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Tuesday August 7, 2012

Likely threat for Carlsberg if Heineken manages to take over APB stake

By LIZ LEE
lizlee@thestar.com.my


PETALING JAYA: While the focus is mostly on Fraser & Neave Ltd's (F&N) likely break-up of operations from Heineken NV's proposed takeover of F&N's stake in Asia Pacific Breweries Ltd (APB), the brewery arena could see the deal outcome challenging Carlsberg Brewery Malaysia Bhd's business in Singapore.

After taking control of APB, Heineken could look into stepping up its game in the island-republic where social drinking is increasingly popular.

AmResearch analyst Low Soo Fang believes that if Heineken manages to acquire F&N, which brews Tiger, it would likely affect Carlsberg Malaysia more than Guinness Anchor Bhd (GAB) in the regional market.

“The Malaysian business would not be affected, but I think Heineken would more aggressively promote its brand in Singapore, which would affect Carlsberg Malaysia,” she said, pointing out that Carlsberg Malaysia owned Carlsberg Singapore.

“The impact would be more on Carlsberg's standing due to the potential increase in competition from Heineken.”

She added that the Singapore beer market was still fragmented although saturated with myriad brands.

As for GAB, Low said it would be “business as usual” because it was unlikely to have a significant impact on its Malaysian business.

Another analyst from a bank-backed brokerage echoed her take on the matter, saying that market watchers “need not bat an eyelid” at the stake acquisition.

She explained that Heineken's deal, from a global perspective, would be for the parent company to grow its earnings while its brewer and distributor here, GAB was focused mainly on the domestic market with only a small scale of exports.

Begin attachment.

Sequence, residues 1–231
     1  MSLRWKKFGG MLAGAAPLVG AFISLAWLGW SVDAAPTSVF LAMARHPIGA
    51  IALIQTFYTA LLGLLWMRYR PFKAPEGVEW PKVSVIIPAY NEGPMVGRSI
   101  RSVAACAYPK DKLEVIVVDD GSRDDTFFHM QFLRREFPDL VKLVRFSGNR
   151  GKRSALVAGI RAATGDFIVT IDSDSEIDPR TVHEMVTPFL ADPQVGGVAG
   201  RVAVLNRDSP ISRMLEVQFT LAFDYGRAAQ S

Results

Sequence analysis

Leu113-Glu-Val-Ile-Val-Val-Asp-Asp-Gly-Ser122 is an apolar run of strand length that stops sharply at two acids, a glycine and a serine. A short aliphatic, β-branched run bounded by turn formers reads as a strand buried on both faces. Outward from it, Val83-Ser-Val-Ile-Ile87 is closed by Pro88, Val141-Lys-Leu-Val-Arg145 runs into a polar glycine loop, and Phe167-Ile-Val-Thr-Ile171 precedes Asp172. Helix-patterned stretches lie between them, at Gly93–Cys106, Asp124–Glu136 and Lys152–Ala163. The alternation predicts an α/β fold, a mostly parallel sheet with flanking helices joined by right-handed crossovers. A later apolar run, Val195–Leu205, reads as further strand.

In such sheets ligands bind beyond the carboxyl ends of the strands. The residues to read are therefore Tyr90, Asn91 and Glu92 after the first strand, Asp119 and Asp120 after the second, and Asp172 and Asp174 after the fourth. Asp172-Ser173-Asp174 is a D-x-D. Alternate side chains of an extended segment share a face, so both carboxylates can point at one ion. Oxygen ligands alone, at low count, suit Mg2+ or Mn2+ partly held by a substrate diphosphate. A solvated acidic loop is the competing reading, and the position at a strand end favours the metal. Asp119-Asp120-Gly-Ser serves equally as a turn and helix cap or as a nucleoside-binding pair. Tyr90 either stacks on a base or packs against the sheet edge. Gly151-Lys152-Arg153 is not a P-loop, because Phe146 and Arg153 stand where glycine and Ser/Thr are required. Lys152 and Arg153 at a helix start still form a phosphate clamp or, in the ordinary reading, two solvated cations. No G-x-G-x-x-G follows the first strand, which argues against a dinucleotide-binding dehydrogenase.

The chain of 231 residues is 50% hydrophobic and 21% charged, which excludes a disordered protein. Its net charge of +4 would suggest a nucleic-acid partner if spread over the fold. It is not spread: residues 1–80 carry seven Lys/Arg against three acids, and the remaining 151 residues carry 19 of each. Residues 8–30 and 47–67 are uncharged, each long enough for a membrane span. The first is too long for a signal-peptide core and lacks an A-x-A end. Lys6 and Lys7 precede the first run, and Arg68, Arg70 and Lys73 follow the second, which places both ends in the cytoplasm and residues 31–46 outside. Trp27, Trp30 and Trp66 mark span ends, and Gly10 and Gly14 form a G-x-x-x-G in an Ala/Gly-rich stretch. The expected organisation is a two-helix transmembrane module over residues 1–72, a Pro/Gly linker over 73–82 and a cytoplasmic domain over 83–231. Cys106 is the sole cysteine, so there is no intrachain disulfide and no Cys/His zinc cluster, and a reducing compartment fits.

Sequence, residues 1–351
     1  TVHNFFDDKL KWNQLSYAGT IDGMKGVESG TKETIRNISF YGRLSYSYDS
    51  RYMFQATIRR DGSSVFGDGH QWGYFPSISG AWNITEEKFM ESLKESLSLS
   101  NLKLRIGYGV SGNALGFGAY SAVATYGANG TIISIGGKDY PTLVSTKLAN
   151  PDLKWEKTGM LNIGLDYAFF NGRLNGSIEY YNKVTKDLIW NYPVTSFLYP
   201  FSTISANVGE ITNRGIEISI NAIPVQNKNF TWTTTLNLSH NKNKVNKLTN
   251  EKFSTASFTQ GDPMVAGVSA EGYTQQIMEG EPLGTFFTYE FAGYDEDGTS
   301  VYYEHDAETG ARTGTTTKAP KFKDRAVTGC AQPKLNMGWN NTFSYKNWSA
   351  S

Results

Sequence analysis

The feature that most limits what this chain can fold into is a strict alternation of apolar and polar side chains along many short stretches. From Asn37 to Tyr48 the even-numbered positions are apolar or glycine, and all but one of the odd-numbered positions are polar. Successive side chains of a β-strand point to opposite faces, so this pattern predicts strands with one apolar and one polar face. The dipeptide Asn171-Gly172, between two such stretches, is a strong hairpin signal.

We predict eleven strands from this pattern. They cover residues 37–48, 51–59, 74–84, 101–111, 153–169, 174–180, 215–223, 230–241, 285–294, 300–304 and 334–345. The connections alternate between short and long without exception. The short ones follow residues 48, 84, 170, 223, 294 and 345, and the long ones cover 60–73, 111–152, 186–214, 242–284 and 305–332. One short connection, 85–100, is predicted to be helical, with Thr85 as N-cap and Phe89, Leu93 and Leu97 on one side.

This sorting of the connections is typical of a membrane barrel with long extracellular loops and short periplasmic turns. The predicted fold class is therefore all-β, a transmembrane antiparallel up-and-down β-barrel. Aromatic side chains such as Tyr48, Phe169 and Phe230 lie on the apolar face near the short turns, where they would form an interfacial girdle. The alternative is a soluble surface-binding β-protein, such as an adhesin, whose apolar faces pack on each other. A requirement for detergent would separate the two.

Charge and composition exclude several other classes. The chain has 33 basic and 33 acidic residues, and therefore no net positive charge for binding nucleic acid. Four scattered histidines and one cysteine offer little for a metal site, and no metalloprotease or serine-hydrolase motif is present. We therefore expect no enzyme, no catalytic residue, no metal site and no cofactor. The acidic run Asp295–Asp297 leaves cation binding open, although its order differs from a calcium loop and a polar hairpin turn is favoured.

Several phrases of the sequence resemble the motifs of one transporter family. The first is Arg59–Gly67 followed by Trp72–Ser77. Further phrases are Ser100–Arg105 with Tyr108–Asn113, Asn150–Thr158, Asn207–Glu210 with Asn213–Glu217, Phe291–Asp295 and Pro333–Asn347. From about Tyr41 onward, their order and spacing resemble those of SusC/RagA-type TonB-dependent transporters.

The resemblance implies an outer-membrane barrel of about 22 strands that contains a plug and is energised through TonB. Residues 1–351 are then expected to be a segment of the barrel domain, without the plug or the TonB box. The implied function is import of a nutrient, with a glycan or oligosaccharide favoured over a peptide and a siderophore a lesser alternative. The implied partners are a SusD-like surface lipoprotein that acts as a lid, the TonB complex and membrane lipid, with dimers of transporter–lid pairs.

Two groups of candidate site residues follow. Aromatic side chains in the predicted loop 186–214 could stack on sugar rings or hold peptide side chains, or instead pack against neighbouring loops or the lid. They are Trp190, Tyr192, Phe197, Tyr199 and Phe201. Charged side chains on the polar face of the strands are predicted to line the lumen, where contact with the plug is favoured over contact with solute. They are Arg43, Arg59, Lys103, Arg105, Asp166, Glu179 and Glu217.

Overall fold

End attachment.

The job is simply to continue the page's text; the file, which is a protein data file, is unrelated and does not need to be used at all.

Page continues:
“Of course, we may see some synergies between Heineken NV and GAB. It would not be significant in earnings but maybe in marketing and branding,” she said.

As for the beer industry in Malaysia, Low said that the deal would not shake things up either.

“APB will likely continue to adopt the strategies put in place by F&N and Heineken as it has been doing well in the past few years,” Low said.

She added: “Maybe APB would go for the larger-scale strategies considering Heineken is aiming for the larger Asia-Pacific market, which is the main reason for buying APB.”

Low noted that China could be an attractive market for brewers.

GAB is linked to APB through its major shareholder GAPL Pte Ltd which is the 50-50 joint venture company between Diageo PLC and APB.

Heineken proposed to acquire F&N's 40% stake in APB last month for US$4.1bil (RM12.8bil). It already has 42%.

The move was in response to protect its interest in APB after Thai businessman Charoen Sirivadhanabhakdi of Thai Beverage plc increased his stake from 22% to 24% via the open market.

If F&N shareholders, which include Chareon, accept the offer, analysts predict a break-up of F&N's operations could happen.

In the Singapore market, beer volume grew by 7% last year, according to consumer markets strategy researcher Euromonitor Intern-ational's report on the beer industry.

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